Many of us have probably heard the old proverb that “patience is a virtue.” Almost every religion believes this. But there are always two sides to the story.
Parents are often told to be patient with their children. Children will learn at their own pace, in good time, how to read, write, tie their shoes, be polite, be respectful and how to treat the opposite sex. Parents must be patient in teaching these things to their children as every child learns differently.
Elders are often told to be patient with the younger generation. Youth today have grown up with new types of technology that has changed them in many ways. What was once important may not be so important to today’s youth. Elders must be patient in trying to communicate with youth who are easily distracted, and always in a hurry.
These are just two different scenarios where patience is encouraged. But what we don’t think about is that there are always two (sometimes more) sides to every story. A parent may think they are showing patience with a child whom they’ve repeated the same thing to 15 times, but the child may think that the parent isn’t being patient because he or she is only thinking about the present issue.
On the other side of patience is when it’s taken to an extreme, and completely out of perspective. For example when a woman is abused by a man and continually forgives him, continually puts up with that type of behavior time and time again, thinking that she is trying to be patient with that man. She thinks she is patiently waiting for him to work out his issues and change his ways. In a case like this, those actions are not to the benefit of all involved. Her patience is a good thing, but what she is being patient about isn’t. Wishful thinking won’t change his actions; he must desire to change.
Perhaps an easier way to look at this is to think of patience as having two forms, a negative and positive.
To be patient and wait to be happy until you get a good job, or until you finish college, or until ___ (you fill in the blank) can just put your life on hold. This can prevent you from enjoying the little and happy moments life brings your way in the meantime.
Yes, patience is a virtue, but I ask you to take a good look at what you are being patient about and decide if it’s really what is beneficial to all involved, and if it’s really what the bible meant by patience.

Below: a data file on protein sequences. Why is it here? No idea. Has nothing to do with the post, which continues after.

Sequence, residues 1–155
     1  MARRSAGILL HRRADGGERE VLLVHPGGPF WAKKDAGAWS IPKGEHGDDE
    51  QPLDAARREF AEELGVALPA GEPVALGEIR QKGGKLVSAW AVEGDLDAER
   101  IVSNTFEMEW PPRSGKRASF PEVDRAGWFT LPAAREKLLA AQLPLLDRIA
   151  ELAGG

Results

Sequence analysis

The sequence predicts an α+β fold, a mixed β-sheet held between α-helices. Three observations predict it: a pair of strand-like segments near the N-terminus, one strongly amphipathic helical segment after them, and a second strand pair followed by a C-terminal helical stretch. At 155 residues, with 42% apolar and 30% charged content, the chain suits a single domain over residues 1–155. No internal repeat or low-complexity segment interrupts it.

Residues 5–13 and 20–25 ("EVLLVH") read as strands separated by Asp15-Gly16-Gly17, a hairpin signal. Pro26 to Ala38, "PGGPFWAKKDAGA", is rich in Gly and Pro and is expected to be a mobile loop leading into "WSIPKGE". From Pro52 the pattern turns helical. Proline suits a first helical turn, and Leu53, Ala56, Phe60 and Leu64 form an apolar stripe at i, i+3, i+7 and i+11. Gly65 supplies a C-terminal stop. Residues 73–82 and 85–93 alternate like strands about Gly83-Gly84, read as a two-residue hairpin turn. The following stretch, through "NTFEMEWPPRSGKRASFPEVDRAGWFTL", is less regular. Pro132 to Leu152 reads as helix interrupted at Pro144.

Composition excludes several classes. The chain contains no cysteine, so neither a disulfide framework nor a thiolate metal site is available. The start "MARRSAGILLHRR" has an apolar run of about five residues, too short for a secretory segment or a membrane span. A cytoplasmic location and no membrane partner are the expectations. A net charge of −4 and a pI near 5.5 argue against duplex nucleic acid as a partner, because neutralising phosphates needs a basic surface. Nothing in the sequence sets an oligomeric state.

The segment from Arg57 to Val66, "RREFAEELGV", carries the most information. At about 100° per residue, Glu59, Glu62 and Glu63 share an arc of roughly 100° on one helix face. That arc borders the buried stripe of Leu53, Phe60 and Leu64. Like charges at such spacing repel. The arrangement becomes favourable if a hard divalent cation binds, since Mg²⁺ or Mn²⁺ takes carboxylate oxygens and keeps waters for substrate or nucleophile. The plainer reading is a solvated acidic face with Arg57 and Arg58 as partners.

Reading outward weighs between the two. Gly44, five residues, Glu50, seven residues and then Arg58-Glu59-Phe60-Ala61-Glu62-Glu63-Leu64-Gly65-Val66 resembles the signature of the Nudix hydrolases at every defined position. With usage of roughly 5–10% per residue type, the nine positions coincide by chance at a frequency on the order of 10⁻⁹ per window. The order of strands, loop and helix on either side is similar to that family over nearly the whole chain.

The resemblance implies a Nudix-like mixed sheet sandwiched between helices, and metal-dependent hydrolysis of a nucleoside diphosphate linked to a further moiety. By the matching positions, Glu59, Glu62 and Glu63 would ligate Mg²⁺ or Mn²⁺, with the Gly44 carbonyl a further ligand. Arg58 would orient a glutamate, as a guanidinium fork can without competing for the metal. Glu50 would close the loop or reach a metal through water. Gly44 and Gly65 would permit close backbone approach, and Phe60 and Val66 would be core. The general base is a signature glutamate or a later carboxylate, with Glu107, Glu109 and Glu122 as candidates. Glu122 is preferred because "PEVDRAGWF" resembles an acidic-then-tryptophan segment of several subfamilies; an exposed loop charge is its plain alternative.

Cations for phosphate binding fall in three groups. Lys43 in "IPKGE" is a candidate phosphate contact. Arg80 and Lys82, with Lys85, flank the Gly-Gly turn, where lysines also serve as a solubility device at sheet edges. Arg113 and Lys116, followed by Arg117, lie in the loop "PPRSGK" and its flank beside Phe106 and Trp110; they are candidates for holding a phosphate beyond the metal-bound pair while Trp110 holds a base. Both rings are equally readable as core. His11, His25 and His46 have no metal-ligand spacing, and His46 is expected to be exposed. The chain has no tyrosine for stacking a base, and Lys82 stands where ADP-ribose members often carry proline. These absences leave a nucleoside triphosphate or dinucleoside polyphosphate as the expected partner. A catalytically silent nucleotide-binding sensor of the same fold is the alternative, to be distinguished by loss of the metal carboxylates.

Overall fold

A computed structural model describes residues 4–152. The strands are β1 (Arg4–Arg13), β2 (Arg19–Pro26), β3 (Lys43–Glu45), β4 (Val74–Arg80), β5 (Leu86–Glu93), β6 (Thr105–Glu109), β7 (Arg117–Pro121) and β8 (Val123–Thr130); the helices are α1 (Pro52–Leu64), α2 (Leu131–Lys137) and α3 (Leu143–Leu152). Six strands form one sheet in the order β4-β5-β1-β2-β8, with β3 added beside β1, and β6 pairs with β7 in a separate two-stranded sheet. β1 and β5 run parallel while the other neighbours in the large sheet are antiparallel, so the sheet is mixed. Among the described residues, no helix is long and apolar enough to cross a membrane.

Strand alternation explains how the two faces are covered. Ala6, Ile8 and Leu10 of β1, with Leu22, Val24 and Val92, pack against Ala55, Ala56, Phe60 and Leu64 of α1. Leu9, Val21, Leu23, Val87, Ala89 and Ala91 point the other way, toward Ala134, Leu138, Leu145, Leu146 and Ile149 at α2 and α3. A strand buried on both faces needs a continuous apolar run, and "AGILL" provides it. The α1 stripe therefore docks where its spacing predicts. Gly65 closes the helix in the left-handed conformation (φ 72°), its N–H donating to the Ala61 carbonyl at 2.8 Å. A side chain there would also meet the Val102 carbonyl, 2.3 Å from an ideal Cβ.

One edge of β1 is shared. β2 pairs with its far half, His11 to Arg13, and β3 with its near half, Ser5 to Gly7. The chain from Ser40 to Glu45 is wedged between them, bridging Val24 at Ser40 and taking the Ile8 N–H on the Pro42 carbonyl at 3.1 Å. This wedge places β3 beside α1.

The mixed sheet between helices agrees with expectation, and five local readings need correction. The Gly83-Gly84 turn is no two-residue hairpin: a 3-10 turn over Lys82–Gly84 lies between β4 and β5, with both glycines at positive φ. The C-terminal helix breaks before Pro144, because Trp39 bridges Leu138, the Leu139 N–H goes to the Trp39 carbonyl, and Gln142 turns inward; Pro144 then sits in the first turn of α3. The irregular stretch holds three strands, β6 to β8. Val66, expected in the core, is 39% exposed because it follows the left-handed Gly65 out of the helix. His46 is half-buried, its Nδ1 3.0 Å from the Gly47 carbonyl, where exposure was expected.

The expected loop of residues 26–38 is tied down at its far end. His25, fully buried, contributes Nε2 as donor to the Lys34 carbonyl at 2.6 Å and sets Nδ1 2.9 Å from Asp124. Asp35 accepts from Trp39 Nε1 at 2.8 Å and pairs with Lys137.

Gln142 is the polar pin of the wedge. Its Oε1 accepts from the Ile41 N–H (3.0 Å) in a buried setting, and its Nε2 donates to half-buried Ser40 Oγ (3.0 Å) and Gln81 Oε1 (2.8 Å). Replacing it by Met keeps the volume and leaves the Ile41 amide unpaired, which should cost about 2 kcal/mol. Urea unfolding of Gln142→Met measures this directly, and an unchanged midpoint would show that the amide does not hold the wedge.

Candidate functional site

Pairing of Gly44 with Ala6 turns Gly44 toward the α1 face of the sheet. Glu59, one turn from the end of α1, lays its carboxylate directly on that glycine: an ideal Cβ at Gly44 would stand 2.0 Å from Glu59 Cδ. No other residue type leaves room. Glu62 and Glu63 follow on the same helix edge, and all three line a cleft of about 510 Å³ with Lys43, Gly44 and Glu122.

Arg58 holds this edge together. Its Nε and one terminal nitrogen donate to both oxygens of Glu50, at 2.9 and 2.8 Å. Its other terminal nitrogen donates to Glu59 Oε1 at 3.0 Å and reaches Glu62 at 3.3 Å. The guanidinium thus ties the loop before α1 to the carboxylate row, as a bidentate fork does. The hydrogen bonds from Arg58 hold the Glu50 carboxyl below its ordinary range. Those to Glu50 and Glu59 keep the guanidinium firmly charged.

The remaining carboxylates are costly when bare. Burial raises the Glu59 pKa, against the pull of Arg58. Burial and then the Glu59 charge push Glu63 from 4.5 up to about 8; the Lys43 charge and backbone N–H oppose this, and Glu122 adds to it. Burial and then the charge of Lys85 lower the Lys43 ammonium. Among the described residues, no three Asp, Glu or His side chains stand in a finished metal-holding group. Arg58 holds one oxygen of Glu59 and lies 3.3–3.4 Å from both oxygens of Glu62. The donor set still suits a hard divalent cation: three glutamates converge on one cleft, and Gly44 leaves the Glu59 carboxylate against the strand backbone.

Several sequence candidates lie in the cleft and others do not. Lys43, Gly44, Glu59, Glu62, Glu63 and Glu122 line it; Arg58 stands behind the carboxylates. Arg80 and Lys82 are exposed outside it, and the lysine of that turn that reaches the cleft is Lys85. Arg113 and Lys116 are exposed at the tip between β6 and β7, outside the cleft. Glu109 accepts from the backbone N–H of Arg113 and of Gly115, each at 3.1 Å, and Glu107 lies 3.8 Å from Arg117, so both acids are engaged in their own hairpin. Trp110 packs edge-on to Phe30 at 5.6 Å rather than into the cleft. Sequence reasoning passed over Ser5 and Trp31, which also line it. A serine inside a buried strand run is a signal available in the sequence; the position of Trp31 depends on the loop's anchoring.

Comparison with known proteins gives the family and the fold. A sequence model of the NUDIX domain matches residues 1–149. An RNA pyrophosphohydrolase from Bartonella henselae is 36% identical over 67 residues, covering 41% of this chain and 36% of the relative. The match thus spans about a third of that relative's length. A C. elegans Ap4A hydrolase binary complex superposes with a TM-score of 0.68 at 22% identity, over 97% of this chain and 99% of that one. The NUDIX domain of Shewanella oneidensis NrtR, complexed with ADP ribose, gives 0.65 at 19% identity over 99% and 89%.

Colossians 3:12 says: “Therefore, as God’s chosen people, holy and dearly loved, clothe yourselves with compassion, kindness, humility, gentleness and patience.”
I believe the scripture above is talking about positive patience, the kind of patience that bears all things without complaint, irritation, or loss of temper.
Proverbs 19:11 “A person’s wisdom yields patience…”
This scripture reveals that true patience is a result of wisdom. We need to think about what it is we are putting our time and effort toward. The dictionary defines patience as quiet, steady perseverance. The word, steady, automatically lets us know that sometimes it may take awhile to achieve a desired result, which is why we need to rely on our wisdom and really be sure that the result we are patiently waiting for or patiently pursuing is worth it, is realistic, and is true patience.
We can be patient with our children, our elders, the younger generation and so on. We can even be patient with an abuser, but what I think we need to understand is that, in an extreme situation like abuse, patience takes on the form of persevering to get that person help.
It may be necessary to remove the abused from the situation before victims lose their own temper and abuse, as well. Such a situation has an effect on everyone in the family, and a ripple effect on friends and others around.
God never intended people to be treated like doormats. For example, Proverbs 19:19 says, “A hot tempered man must pay the penalty; if you rescue him, you will have to do it again.” Then again this type of issue is mentioned in Proverbs 22:24, “Do not make friends with a hot tempered man, do not associate with one who is easily angered.” Anger can be contagious.
If you are currently trying to be patient about something, or with someone, I applaud your efforts. I pray you are successful, and I ask that you not take patience out of perspective. It doesn’t do anyone any good if you simply put up with bad behavior, rather stand up for godly behavior by not enabling others to continue on a wrong path. Putting up with the bad encourages the bad to continue, standing up for good encourages good to continue.
Tori Vigil is an author, inspirational speaker and reporter. She can be reached at firstname.lastname@example.org.